Almost two years after work began and 10 years after discussions first started, the Custer Gallatin National Forest has finished writing a preliminary environmental assessment examining a proposed land exchange north of Yellowstone National Park.
“We’re excited to have it moving closer to the finish line,” said Michael Thom, Gardiner District ranger.
Shooting Star Ranch owner William D. Morean, a billionaire businessman who also owns property outside Red Lodge, is offering to trade 583 acres of land along Slip and Slide Creek, a tributary to the east side of the Yellowstone River northwest of Gardiner, for a 590-acre federal inholding at his ranch in the Upper Cinnabar Basin, on the west side of the Yellowstone River and 12 miles northwest of Gardiner.
With appraisals and a hazardous material review of the properties done, the Forest Service is hoping to have the deal finalized within six months. Otherwise, the hazardous review would have to be rewritten as they are only good for six months, Thom said.
The Slip and Slide Creek land is a key puzzle piece to connecting public lands in the Gardiner Basin. The property adjoins the southernmost portion of Montana Fish, Wildlife and Parks’ 4,800-acre Dome Mountain wildlife management area. The northern border of the Slip and Slide land borders Custer Gallatin National Forest property. Morean bought the ranch in 2008 after the Rigler family failed to reach a deal with the Rocky Mountain Elk Foundation.
This parcel is key to wildlife and land interests for a couple of reasons.
“The big purpose is wildlife habitat and public access,” Thom said. “That’s a big migration route for that Northern Yellowstone elk herd. So it’s a pretty important spot to maintain that corridor.”
Elk and other wildlife that are traveling to and from Yellowstone National Park north to the Dome Mountain WMA and the Paradise Valley travel through this mountainous area in the spring and fall.
Acquisition of the land would also mean public access to the locale.
“Currently on the east side of (Highway) 89, north of Gardiner to Yankee Jim Canyon, only three trailheads exist, making the public use/enjoyment of these areas difficult,” the EA stated.
One of those access points is the Forest Service’s Slip and Slide trail, which skirts the northern edge of the private property before tying into the Cedar Creek trail to the south for a 9-mile route.
The land swap would also serve another important function.
“The acquisition would … conserve important scenic values in the upper Gardiner Basin,” the EA stated, protecting a portion of the narrow section of the Highway 89 corridor to the park’s Northern Entrance, located about 12 miles north of Yellowstone National Park, from subdivision and development. Maintaining migration corridors around Yellowstone has been a key focus of many conservation groups and wildlife researchers who have seen the effects of increasing development around the park’s boundaries on migratory animals.
Although federal land law requires the properties to be of equal value, Morean has agreed to donate the difference if the appraisal for his land is higher. The Forest Service won’t disclose the appraisals until the final EA and decision notice is issued. Morean has also arranged to grant a permanent conservation easement if he acquires the federal land inholding at his Upper Cinnabar Basin property, although the easement would allow one recreation cabin to be built.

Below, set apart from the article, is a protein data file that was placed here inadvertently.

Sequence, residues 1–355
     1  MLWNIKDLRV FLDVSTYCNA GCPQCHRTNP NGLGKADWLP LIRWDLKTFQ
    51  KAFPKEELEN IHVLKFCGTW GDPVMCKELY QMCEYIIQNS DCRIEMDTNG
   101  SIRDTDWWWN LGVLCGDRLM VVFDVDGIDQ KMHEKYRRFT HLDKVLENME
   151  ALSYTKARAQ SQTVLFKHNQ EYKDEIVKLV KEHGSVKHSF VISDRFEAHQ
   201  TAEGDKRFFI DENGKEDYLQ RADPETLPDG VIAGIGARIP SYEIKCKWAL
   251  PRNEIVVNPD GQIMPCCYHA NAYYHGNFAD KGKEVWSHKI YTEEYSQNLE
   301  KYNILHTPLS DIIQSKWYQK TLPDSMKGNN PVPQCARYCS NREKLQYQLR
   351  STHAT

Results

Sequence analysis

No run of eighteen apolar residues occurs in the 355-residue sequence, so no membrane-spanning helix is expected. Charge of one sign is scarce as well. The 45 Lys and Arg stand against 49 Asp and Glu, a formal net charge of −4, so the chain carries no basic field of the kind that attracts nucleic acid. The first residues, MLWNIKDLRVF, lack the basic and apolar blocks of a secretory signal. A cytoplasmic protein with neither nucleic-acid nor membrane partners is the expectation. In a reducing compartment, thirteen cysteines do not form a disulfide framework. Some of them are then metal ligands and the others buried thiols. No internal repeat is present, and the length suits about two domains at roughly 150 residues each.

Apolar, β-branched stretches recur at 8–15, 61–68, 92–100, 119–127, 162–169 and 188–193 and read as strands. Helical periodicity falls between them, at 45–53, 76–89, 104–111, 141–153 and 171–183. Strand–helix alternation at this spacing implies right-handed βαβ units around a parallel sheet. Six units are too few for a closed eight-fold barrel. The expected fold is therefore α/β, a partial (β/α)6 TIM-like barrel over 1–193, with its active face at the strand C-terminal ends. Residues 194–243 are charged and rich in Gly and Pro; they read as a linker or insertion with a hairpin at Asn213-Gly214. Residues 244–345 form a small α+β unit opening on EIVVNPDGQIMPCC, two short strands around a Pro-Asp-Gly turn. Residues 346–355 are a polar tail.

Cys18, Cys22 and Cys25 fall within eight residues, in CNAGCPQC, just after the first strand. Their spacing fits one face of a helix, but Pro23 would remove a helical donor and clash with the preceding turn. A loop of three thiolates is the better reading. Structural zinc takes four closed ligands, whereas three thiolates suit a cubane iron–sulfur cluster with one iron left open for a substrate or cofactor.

As part of the deal, at closing Morean would also transfer to the Forest Service, without fee, the right of first refusal for about 90 acres of land owned by the Rigler family that adjoins the Slip and Slide property. That transfer does not include other lands owned by the Riglers located between Highway 89 and the Yellowstone River, or lands in the Sphinx Mountain Trailer Park, according to the EA.
The lower portion of the Slip and Slide property is leased to the Montana Department of Livestock and USDA Animal and Plant Health Inspection Service for use as a bison quarantine facility. The DOL lease affects most of the 90-acre-right-of-first-refusal property that is held by Morean. Morean will not extend the bison lease. Thom said those bison may be moved out by Feb. 28.
Also modified would be a lease by Rob Stermitz, owner of Wilderness Connections, a local hunting outfitter. The Forest Service would change Stermitz’s lease that had allowed him to hunt on its Cinnabar Basin property if the land swap is finalized. Stermitz was able to access the forest land from his property.
One other part of the complicated land exchange would put the sportsman’s access provided to FWP by Franklin Rigler to “become (forest) lands directly available to the public upon completion of this land exchange.” Thom said the route had allowed hunters to reach forest land across the private property.
Although Slip and Slide Creek feeds the river, it’s not large enough to attract spawning fish. There are three ponds on the land proposed for exchange, totaling 12.5 acres, that have been stocked with rainbow trout, which are not self-sustaining. “No fish were detected during a 2011 electrofishing survey of Slip and Slide Creek on NFS lands,” the EA said.
Comments are being taken on the preliminary EA through Nov. 22. To comment, log on to the Forest Service’s website at https://www.fs.usda.gov/project/?project=48017 or write to Sitka Pence c/o Mary Erickson Forest Supervisor, P.O. Box 130, Bozeman, MT 59771.
Following the comment period the Forest Service will write an EA and final decision notice.
“By next spring it should be wrapped up,” Thom said.